Brokers can be used in combination with triggers to deliver events from an event source to an event sink. Events are sent from an event source to a broker as an HTTP
POST request. After events have entered the broker, they can be filtered by CloudEvent attributes using triggers, and sent as an HTTP
POST request to an event sink.
Cluster administrators can set the default broker implementation for a cluster. When you create a broker, the default broker implementation is used, unless you provide set configurations in the
Kafka broker is a Technology Preview feature only. Technology Preview features are not supported with Red Hat production service level agreements (SLAs) and might not be functionally complete. Red Hat does not recommend using them in production. These features provide early access to upcoming product features, enabling customers to test functionality and provide feedback during the development process.
For more information about the support scope of Red Hat Technology Preview features, see https://access.redhat.com/support/offerings/techpreview/.
Knative provides a default, channel-based broker implementation. This channel-based broker can be used for development and testing purposes, but does not provide adequate event delivery guarantees for production environments. The default broker is backed by the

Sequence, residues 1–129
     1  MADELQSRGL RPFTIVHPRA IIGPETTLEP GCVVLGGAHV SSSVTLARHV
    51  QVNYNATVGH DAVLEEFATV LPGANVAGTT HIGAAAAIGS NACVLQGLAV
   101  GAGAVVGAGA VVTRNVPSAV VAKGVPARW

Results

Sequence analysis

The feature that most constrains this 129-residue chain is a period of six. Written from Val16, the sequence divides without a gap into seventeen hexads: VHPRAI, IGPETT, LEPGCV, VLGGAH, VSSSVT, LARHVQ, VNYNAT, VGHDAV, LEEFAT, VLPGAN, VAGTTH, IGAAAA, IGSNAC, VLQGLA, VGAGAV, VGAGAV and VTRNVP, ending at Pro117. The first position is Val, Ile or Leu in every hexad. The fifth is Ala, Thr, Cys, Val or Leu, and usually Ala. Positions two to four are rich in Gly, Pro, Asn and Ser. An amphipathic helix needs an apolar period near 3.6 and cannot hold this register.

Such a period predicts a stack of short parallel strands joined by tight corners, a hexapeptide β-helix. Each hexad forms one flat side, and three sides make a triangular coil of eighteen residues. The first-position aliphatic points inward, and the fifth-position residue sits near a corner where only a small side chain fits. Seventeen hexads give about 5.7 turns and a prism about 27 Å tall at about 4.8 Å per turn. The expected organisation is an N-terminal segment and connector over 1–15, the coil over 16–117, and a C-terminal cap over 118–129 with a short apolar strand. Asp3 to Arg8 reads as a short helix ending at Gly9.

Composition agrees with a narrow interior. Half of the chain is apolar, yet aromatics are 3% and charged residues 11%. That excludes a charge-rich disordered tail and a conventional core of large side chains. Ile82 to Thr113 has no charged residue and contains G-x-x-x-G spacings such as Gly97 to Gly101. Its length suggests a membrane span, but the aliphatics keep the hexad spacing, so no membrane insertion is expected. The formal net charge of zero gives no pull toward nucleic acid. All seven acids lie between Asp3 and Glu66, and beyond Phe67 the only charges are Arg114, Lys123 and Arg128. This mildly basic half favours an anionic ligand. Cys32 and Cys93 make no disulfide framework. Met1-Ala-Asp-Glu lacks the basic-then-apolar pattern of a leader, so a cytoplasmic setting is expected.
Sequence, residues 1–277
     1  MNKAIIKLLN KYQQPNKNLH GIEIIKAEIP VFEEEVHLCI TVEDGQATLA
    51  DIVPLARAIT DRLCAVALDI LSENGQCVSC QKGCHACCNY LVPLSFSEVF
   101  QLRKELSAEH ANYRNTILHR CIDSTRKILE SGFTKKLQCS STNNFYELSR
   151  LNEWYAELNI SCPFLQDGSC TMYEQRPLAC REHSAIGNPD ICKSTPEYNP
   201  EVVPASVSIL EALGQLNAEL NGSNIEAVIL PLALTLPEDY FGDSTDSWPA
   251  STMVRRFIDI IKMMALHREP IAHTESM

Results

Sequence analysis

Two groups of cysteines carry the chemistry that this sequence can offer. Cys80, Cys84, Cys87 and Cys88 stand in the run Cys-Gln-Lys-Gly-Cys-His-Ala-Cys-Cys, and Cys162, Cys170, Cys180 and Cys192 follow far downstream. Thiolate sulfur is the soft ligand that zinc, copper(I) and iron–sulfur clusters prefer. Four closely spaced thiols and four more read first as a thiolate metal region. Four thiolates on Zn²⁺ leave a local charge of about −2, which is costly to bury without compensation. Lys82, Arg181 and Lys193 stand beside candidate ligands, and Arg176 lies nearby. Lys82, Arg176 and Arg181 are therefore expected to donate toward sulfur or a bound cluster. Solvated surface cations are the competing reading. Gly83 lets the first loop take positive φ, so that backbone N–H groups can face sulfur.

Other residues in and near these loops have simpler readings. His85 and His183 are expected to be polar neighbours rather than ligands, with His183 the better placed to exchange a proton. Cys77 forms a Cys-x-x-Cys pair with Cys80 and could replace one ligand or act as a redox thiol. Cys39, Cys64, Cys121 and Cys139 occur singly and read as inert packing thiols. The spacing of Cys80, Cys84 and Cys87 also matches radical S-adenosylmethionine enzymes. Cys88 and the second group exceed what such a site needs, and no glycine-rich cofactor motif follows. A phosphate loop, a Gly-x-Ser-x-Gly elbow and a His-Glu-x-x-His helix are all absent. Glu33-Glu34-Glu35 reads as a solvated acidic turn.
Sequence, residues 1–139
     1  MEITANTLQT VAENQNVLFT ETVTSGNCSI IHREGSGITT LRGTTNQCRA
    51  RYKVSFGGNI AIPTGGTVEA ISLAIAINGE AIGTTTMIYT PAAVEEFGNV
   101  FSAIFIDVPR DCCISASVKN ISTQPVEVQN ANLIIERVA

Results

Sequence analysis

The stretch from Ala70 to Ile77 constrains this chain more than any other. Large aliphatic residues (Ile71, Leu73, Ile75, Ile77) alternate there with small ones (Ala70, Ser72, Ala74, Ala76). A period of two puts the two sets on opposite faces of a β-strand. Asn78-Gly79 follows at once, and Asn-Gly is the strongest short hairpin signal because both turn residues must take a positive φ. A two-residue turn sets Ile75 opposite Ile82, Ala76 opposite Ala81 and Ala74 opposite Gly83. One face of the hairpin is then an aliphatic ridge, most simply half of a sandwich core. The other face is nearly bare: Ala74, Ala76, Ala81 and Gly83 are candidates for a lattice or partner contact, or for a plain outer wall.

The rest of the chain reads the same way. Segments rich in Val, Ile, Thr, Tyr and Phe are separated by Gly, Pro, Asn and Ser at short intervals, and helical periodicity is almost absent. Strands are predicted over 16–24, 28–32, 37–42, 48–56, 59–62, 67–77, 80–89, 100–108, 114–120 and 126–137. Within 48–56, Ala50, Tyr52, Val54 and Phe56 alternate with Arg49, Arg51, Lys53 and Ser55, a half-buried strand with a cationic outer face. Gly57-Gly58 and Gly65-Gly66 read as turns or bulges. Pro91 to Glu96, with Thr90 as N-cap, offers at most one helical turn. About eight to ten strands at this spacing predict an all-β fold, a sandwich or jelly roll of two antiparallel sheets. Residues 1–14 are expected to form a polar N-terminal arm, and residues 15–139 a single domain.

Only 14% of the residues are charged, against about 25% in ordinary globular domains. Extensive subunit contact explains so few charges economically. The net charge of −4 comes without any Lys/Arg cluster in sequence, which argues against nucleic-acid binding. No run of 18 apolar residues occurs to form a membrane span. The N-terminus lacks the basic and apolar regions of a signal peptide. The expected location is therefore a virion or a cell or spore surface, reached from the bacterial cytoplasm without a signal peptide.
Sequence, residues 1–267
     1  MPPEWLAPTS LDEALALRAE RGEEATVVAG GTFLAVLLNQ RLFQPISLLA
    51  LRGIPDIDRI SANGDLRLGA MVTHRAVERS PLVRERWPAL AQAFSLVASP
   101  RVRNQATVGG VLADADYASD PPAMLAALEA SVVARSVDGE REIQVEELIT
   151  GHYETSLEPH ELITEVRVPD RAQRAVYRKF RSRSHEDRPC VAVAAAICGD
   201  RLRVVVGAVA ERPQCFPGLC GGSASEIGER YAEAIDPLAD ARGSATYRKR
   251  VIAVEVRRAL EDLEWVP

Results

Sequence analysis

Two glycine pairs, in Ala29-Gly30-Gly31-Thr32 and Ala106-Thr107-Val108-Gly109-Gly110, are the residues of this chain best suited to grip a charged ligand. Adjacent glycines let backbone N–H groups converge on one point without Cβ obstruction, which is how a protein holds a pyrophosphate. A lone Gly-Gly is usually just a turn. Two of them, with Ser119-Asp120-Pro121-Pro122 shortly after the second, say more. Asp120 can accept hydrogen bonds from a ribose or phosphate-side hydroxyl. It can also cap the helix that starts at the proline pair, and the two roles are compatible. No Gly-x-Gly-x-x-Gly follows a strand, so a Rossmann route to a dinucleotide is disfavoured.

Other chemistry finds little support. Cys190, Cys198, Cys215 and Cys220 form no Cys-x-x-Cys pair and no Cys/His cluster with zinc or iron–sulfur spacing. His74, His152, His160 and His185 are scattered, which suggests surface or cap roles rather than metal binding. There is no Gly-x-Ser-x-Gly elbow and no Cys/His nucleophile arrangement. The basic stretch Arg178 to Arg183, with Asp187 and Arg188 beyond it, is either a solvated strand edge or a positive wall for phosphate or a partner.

InMemoryChannel channel implementation by default.
If you want to use Kafka to reduce network hops, use the Kafka broker implementation. Do not configure the channel-based broker to be backed by the
KafkaChannel channel implementation.
For production-ready Knative Eventing deployments, Red Hat recommends using the Knative Kafka broker implementation. The Kafka broker is an Apache Kafka native implementation of the Knative broker, which sends CloudEvents directly to the Kafka instance.
The Federal Information Processing Standards (FIPS) mode is disabled for Kafka broker.
The Kafka broker has a native integration with Kafka for storing and routing events. This allows better integration with Kafka for the broker and trigger model over other broker types, and reduces network hops. Other benefits of the Kafka broker implementation include:
At-least-once delivery guarantees
Ordered delivery of events, based on the CloudEvents partitioning extension
Control plane high availability
A horizontally scalable data plane
The Knative Kafka broker stores incoming CloudEvents as Kafka records, using the binary content mode. This means that all CloudEvent attributes and extensions are mapped as headers on the Kafka record, while the
data spec of the CloudEvent corresponds to the value of the Kafka record.